Keyland Polymer covers a little less space—about 10,000 square feet—and is located in a building next to DVUV. Keyland’s business includes development of resins for UV-cured powder coatings, and to that end, Keyland currently employs two full-time chemists for daily operations, and two consulting chemists for resin development.
DVUV and Keyland Polymer currently employ about 20 people. Total combined revenue is roughly $4–$5 million.
Keyland’s sole focus is developing performance and product-specific UV-cured powder coatings for MDF and other materials, including plastics, composites, ferrous and nonferrous metals. The company can perform a full range of material performance testing in its lab and also has a demonstration system for product development on 3D parts, and a wire and cable coating line for continuous wire substrates.
Keyland is continuously improving its coatings through R&D efforts that center on resin development, powder coating additives and powder application. The company continues to improve powder coatings for both MDF and other substrates by concentrating efforts on key characteristics such as performance durability and smoothness of UV-cured powder coating finishes. They have developed and have commercially available a UV-cured powder coating that passes the ASTM B117 1,000-hour corrosion test.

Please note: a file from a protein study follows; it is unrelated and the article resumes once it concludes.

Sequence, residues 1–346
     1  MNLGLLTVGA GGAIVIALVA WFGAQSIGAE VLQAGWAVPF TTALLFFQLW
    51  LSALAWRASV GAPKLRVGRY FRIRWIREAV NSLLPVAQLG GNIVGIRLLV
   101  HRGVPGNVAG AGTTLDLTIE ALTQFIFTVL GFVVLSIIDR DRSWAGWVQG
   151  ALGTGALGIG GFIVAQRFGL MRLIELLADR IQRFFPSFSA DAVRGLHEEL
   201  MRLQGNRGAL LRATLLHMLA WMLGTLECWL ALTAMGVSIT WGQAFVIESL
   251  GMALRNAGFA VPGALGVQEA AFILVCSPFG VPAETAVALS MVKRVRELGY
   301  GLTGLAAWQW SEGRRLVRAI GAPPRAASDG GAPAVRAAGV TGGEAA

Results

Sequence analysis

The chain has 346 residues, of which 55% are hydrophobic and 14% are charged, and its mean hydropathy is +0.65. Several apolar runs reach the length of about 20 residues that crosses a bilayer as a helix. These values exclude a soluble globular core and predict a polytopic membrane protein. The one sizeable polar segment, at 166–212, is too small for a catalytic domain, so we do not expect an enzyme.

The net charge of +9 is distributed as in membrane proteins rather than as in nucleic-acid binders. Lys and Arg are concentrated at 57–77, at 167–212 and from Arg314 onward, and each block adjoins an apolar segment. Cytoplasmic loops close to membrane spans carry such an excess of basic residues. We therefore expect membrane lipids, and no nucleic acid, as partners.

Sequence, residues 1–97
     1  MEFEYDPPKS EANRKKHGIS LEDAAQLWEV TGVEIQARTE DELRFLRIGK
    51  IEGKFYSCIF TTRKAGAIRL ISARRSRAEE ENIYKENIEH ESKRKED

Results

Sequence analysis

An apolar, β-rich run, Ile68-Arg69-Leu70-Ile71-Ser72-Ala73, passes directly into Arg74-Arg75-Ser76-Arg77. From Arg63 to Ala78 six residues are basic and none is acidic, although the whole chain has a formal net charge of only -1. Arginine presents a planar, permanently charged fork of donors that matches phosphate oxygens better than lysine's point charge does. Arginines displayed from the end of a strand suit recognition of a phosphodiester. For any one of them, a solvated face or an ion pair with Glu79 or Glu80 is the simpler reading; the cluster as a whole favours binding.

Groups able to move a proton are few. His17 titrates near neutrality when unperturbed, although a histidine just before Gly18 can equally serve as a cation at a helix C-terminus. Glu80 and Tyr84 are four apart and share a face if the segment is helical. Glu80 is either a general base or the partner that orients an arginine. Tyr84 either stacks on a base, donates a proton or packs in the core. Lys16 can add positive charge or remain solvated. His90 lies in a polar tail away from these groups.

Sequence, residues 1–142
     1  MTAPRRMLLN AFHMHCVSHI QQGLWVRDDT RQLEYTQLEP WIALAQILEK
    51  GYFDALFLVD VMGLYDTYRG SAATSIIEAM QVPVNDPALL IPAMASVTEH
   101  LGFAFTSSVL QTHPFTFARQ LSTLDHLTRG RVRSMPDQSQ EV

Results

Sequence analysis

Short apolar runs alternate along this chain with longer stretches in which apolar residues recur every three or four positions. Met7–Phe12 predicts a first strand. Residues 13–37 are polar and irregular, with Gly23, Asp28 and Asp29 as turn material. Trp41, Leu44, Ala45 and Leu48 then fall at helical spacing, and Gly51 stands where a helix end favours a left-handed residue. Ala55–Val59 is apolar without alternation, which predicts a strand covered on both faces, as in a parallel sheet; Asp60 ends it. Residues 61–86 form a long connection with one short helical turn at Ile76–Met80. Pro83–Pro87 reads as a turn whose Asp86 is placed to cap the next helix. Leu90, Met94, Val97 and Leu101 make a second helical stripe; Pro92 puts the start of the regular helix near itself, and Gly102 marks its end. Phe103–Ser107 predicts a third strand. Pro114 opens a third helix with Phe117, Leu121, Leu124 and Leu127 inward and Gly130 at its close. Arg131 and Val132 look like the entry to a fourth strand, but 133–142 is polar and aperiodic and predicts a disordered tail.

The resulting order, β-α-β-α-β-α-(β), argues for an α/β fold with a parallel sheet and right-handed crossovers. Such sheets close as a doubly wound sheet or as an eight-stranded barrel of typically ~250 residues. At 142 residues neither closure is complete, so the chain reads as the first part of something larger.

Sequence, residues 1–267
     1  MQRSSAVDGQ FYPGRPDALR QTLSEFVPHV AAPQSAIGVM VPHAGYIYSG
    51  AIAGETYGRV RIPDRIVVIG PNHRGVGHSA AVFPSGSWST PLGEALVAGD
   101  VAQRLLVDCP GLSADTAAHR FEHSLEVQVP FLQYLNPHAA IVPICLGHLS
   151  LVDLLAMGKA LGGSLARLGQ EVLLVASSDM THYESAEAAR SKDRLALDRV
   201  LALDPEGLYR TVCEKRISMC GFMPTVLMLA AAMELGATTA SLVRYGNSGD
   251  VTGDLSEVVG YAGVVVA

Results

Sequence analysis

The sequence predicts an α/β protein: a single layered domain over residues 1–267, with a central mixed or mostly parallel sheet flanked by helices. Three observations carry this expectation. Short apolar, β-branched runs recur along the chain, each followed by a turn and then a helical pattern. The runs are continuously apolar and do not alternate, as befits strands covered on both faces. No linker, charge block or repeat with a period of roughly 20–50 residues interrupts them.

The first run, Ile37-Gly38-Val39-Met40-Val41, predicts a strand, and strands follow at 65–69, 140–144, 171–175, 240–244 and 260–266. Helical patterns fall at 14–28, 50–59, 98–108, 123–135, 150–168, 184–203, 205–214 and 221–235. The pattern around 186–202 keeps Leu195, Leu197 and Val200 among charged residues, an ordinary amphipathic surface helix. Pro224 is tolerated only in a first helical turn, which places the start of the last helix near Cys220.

Over the years, DVUV has thrived in the still-emerging UV-curable powder market. This growth is thanks, in part, to its dedication to adding capabilities such as resin development, powder coating manufacturing and UV-cured application systems design and engineering.
As market acceptance is taking hold, UV curable powders are proving to be a cost-effective, energy-efficient and environmentally friendly alternative to solvent liquid and thermal cured powder coatings.
Information in this story provided by Nordson Corp. and DVUV. For information, contact Nordson at nordson.com, and DVUV at dvuv.com.
Originally published in the July 2015 issue.